Tripterygium wilfordii (Celastraceae) is a medicinal plant with anti-inflammatory and immunosuppressive properties. Identification of a vast array of unusual sesquiterpenoids, diterpenoids and triterpenoids in T. wilfordii has spurred investigations of their pharmacological properties. The tri-epoxide lactone triptolide was the first of many diterpenoids identified, attracting interest due to the spectrum of bioactivities. To probe the genetic underpinning of diterpenoid diversity, an expansion of the class II diterpene synthase (diTPS) family was recently identified in a leaf transcriptome. Following detection of triptolide and simple diterpene scaffolds in the root, we sequenced and mined the root transcriptome. This allowed identification of the root-specific complement of TPSs and an expansion in the class I diTPS family. Functional characterization of the class II diTPSs established their activities in the formation of four C-20 diphosphate intermediates, precursors of both generalized and specialized metabolism and a novel scaffold for Celastraceae. Functional pairs of the class I and II enzymes resulted in formation of three scaffolds, accounting for some of the terpenoid diversity found in T. wilfordii. Absence of activity forming abietane-type diterpenes encouraged further testing of TPSs outside the canonical class I diTPS family. TwTPS27, close relative of mono-TPSs, was found to couple with TwTPS9, converting normal-copalyl diphosphate to miltiradiene. The phylogenetic distance to established diTPSs indicates neo-functionalization of TwTPS27 into a diTPS, a function not previously observed in the TPS-b subfamily. This example of evolutionary convergence expands the functionality of TPSs in the TPS-b family and may contribute miltiradiene to the diterpenoids of T. wilfordii. This article is protected by copyright. All rights reserved.

TIPS: a system for automated image-based phenotyping of maize tassels

Joseph L. Gage; Nathan D. Miller; Edgar P. Spalding; Shawn M. Kaeppler; Natalia de Leon

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2017

Background: The maize male inflorescence (tassel) produces pollen necessary for reproduction and commercial grain production of maize. The size of the tassel has been linked to factors affecting grain yield, so understanding the genetic control of tassel architecture is an important goal. Tassels are fragile and deform easily after removal from the plant, necessitating rapid measurement of any shape characteristics that cannot be retained during storage. Some morphological characteristics of tassels such as curvature and compactness are difficult to quantify using traditional methods, but can be quantified by image-based phenotyping tools. These constraints necessitate the development of an efficient method for capturing natural-state tassel morphology and complementary automated analytical meth- ods that can quickly and reproducibly quantify traits of interest such as height, spread, and branch number. Results: This paper presents the Tassel Image-based Phenotyping System (TIPS), which provides a platform for imaging tassels in the field immediately following removal from the plant. TIPS consists of custom methods that can quantify morphological traits from profile images of freshly harvested tassels acquired with a standard digital camera in a field-deployable light shelter. Correlations between manually measured traits (tassel weight, tassel length, spike length, and branch number) and image-based measurements ranged from 0.66 to 0.89. Additional tassel characteris- tics quantified by image analysis included some that cannot be quantified manually, such as curvature, compactness, fractal dimension, skeleton length, and perimeter. TIPS was used to measure tassel phenotypes of 3530 individual tassels from 749 diverse inbred lines that represent the diversity of tassel morphology found in modern breeding and academic research programs. Repeatability ranged from 0.85 to 0.92 for manually measured phenotypes, from 0.77 to 0.83 for the same traits measured by image-based methods, and from 0.49 to 0.81 for traits that can only be measured by image analysis. Conclusions: TIPS allows morphological features of maize tassels to be quantified automatically, with minimal disturbance, at a scale that supports population-level studies. TIPS is expected to accelerate the discovery of associa- tions between genetic loci and tassel morphology characteristics, and can be applied to maize breeding programs to increase productivity with lower resource commitment.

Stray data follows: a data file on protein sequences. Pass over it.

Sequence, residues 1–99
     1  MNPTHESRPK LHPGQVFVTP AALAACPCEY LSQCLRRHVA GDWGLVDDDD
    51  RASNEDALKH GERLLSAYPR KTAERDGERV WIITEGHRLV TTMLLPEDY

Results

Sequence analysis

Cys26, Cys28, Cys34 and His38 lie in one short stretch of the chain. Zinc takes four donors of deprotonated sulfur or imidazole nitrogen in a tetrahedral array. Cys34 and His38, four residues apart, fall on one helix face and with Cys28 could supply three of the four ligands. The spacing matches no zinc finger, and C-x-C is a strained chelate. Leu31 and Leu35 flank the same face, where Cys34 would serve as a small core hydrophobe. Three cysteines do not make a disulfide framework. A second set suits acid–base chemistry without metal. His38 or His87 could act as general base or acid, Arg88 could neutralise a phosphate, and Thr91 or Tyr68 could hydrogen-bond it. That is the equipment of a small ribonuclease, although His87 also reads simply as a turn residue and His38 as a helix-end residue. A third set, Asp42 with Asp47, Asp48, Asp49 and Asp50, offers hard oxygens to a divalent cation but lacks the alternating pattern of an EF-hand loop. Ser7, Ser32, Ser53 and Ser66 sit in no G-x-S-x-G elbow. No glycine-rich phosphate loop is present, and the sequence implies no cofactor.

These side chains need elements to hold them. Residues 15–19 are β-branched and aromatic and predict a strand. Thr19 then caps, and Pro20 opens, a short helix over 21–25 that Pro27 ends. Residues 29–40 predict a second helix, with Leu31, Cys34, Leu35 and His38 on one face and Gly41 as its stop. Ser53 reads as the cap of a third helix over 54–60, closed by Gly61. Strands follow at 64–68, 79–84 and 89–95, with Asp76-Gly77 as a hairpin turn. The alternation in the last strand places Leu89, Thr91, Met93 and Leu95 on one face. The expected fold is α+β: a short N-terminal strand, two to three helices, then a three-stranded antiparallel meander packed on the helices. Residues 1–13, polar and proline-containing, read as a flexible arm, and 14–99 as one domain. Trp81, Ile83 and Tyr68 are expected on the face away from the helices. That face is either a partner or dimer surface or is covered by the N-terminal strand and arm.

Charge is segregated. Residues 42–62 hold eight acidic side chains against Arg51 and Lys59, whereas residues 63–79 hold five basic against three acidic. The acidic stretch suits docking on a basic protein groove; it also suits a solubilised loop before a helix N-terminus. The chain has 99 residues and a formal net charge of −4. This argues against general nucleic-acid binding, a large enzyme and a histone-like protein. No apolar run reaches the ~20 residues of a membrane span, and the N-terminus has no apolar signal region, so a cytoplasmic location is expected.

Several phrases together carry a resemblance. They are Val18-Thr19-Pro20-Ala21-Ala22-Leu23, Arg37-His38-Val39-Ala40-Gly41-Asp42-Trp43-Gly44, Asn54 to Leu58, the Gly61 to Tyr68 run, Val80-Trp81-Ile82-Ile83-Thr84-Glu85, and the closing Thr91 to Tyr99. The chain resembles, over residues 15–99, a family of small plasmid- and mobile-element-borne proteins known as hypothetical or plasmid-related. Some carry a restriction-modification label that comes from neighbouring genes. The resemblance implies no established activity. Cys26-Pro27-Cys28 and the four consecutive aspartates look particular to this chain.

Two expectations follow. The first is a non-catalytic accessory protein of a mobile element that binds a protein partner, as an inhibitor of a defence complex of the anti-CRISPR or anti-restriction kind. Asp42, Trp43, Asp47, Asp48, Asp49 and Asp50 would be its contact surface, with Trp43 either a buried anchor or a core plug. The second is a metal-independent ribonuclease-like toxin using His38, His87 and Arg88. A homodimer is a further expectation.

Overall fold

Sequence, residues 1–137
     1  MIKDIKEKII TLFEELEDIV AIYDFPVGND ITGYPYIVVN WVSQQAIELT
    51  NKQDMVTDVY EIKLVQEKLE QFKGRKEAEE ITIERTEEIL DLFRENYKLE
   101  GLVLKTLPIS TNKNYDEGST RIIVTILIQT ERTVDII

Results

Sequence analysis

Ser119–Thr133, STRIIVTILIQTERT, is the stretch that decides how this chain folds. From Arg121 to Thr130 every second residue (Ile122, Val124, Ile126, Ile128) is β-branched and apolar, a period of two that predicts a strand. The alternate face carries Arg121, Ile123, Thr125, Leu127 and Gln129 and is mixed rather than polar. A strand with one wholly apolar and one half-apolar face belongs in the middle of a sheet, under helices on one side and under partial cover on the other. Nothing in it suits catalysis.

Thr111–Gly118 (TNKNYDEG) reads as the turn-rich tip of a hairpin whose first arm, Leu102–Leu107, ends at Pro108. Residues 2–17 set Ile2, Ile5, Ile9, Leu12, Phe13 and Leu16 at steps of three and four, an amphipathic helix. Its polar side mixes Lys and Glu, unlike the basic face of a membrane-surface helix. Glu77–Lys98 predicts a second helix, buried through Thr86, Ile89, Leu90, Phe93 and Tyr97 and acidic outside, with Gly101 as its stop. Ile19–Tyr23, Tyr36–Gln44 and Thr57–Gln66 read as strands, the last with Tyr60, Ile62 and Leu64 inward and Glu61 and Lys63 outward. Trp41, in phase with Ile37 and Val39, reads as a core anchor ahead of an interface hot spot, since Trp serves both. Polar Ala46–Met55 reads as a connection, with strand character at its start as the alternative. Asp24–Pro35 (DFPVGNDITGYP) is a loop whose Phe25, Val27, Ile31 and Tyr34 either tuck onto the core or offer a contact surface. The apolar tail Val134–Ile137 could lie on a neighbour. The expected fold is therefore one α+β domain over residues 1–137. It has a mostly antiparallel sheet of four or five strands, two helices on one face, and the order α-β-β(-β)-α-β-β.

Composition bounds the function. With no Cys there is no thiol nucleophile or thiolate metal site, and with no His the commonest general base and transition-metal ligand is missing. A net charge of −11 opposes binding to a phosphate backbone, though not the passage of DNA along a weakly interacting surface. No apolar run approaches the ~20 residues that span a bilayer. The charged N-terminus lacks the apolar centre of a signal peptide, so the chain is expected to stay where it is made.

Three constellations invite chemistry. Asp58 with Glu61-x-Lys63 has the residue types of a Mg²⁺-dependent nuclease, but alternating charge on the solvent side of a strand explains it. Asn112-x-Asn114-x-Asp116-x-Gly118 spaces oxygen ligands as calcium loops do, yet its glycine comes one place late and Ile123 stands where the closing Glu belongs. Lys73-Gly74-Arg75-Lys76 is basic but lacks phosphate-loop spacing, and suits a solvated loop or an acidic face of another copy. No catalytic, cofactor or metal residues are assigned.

Total biosynthesis of the cyclic AMP booster forskolin from Coleus forskohlii

Irini Pateraki; Johan Andersen-Ranberg; Niels Bjerg Jensen; Sileshi Gizachew Wubshet; Allison Maree Heskes; Victor Forman; Björn Hallström; Britta Hamberger; Mohammed Saddik Motawia; Carl Erik Olsen; Dan Staerk; Jørgen Hansen; Birger Lindberg Møller; Björn Hamberger

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2017

Forskolin is a unique structurally complex labdane type diterpenoid used in the treatment of glaucoma and heart failure based on its activity as a cyclic AMP booster. Commercial production of forskolin relies exclusively on extraction from its only known natural source, the plant Coleus forskohlii, in which forskolin accumulates in the root cork. Here we report the discovery of five cytochrome P450s and two acetyltransferases which catalyze a cascade of reactions converting the forskolin precursor 13R-manoyl oxide into forskolin and a diverse array of additional labdane-type diterpenoids. A minimal set of three P450s in combination with a single acetyl transferase was identified that catalyzes the conversion of 13R-manoyl oxide into forskolin as demonstrated by transient expression in Nicotiana benthamiana. The entire pathway for forskolin production from glucose encompassing expression of nine genes was stably integrated into Saccharomyces cerevisiae and afforded forskolin titers of 40 mg/L.